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`Inexact Substitutes'

Frederick Goodwin and Adrian Morrison misinterpreted my statements regarding animal experimentation in their commentary of Sept. 6, 1993 ("In Animal Rights Debate, The Only Valid Moderates Are Researchers," page 12). The point I made was that medical research is based primarily on studies of human individuals or populations, along with examination of human tissues and cells. Those who use animals as inexact substitutes always encounter problems of extrapolation to humans, often with grave con

Neal Barnard
Frederick Goodwin and Adrian Morrison misinterpreted my statements regarding animal experimentation in their commentary of Sept. 6, 1993 ("In Animal Rights Debate, The Only Valid Moderates Are Researchers," page 12). The point I made was that medical research is based primarily on studies of human individuals or populations, along with examination of human tissues and cells.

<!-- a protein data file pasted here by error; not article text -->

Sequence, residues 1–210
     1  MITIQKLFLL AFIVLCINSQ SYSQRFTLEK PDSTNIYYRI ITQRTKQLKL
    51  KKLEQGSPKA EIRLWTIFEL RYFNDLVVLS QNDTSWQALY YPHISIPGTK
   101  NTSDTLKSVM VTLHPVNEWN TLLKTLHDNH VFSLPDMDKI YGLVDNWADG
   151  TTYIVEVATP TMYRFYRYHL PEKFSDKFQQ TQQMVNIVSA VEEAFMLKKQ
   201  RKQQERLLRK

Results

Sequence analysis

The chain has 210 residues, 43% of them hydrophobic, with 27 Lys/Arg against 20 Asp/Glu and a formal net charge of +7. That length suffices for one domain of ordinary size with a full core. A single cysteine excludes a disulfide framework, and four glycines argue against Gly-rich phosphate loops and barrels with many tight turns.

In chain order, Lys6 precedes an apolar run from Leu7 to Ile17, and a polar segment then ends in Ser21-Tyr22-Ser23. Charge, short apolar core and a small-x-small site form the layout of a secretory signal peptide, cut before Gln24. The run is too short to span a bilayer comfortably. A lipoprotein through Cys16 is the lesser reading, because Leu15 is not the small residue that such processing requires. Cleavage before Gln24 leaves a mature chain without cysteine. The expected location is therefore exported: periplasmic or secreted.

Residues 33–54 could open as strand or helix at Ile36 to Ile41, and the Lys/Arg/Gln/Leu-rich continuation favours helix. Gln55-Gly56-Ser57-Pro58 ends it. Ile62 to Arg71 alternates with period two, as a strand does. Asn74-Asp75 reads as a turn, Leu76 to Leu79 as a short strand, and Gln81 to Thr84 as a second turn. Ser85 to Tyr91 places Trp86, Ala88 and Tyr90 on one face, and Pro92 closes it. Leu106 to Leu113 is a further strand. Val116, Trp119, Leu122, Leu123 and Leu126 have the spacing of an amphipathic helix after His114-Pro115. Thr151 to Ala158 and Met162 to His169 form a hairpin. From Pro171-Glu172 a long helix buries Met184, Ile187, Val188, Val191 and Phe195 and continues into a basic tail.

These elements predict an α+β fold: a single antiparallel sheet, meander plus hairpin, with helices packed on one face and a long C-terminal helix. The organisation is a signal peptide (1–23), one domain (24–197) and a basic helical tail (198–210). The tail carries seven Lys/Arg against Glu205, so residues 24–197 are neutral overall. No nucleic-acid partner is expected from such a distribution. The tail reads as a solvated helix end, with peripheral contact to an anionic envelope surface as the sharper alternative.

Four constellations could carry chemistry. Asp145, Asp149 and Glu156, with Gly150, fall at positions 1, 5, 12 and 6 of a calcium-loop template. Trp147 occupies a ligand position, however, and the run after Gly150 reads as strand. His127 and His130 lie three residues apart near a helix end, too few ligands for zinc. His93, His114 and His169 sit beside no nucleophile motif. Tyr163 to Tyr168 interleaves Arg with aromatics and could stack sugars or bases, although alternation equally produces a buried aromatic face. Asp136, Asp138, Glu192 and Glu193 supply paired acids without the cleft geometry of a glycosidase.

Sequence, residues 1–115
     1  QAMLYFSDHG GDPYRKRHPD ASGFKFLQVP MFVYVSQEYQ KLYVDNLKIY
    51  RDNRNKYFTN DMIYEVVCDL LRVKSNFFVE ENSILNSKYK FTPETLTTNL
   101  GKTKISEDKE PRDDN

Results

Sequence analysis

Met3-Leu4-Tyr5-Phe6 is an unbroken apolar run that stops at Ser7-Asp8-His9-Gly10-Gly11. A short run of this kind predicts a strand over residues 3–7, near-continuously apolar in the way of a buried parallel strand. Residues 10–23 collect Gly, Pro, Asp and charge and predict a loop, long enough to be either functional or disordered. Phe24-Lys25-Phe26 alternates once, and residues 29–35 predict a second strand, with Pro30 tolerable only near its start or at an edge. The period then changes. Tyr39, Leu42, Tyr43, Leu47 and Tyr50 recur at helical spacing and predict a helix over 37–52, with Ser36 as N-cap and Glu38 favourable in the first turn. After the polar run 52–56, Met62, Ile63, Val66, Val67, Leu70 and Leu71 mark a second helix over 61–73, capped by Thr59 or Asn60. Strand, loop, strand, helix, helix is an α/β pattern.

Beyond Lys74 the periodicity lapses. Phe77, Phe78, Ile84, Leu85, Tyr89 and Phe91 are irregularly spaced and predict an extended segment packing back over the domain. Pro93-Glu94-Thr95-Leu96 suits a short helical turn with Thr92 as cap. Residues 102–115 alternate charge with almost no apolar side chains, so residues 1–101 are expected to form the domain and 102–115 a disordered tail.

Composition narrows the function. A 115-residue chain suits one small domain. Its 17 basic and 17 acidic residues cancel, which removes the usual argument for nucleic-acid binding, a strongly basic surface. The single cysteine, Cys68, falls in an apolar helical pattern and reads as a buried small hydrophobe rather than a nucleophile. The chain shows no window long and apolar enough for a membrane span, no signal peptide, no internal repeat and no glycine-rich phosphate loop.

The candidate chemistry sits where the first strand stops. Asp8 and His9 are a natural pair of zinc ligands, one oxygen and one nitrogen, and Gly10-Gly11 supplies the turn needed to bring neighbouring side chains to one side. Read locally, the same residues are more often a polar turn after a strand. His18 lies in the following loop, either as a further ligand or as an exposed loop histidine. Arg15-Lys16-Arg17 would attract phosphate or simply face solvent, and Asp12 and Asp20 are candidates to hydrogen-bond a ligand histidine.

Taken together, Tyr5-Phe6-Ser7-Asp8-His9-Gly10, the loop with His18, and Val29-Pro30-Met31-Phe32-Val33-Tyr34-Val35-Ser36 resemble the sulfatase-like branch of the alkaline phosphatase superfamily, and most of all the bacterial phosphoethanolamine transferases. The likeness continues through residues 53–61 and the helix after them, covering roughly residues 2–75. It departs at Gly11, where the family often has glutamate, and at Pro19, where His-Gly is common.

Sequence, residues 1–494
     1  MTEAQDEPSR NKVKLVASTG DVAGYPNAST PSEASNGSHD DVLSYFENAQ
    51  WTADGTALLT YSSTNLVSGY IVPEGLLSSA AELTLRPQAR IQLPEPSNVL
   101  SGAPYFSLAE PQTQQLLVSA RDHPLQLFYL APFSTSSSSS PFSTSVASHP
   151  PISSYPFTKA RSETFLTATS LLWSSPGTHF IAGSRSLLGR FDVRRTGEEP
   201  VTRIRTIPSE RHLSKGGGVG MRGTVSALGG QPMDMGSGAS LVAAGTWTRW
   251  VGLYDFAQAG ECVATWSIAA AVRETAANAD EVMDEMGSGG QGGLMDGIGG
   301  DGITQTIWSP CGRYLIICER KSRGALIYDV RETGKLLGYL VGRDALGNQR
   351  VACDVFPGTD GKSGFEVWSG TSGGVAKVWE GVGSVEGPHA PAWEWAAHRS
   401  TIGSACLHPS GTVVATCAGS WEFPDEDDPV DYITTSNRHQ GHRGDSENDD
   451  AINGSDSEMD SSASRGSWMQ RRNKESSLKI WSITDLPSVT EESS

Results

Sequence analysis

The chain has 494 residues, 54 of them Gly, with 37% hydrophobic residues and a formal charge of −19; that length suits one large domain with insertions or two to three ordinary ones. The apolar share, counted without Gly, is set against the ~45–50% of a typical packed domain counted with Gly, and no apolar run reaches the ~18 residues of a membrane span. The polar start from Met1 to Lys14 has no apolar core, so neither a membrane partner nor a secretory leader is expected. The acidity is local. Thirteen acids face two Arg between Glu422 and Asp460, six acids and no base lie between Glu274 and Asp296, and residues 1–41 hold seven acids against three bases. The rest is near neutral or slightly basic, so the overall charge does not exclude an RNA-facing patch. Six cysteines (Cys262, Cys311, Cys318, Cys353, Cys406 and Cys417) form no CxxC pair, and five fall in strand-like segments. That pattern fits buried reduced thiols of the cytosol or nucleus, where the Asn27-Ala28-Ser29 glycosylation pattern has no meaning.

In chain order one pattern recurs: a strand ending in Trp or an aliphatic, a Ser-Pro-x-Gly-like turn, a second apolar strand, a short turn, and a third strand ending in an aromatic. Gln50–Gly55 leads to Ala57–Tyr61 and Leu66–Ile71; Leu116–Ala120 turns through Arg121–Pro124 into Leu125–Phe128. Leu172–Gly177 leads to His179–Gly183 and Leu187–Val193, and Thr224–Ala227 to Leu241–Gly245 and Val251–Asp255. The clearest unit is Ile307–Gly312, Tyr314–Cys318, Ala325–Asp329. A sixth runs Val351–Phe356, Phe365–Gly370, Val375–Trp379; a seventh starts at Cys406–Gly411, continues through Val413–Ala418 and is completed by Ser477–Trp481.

Those who use animals as inexact substitutes always encounter problems of extrapolation to humans, often with grave consequences. The deaths of five human subjects following "successful" tests of a hepatitis drug on dogs is the latest example. Overall, of 198 drugs marketed during the decade 1976- 85, more than half (102) were so much more toxic than premarket animal and limited human trials had indicated that they had to be relabeled or withdrawn.

Similarly, of 25 drugs that appeared to treat strokes in rodents, not a single one worked in people. Millions of dollars,...

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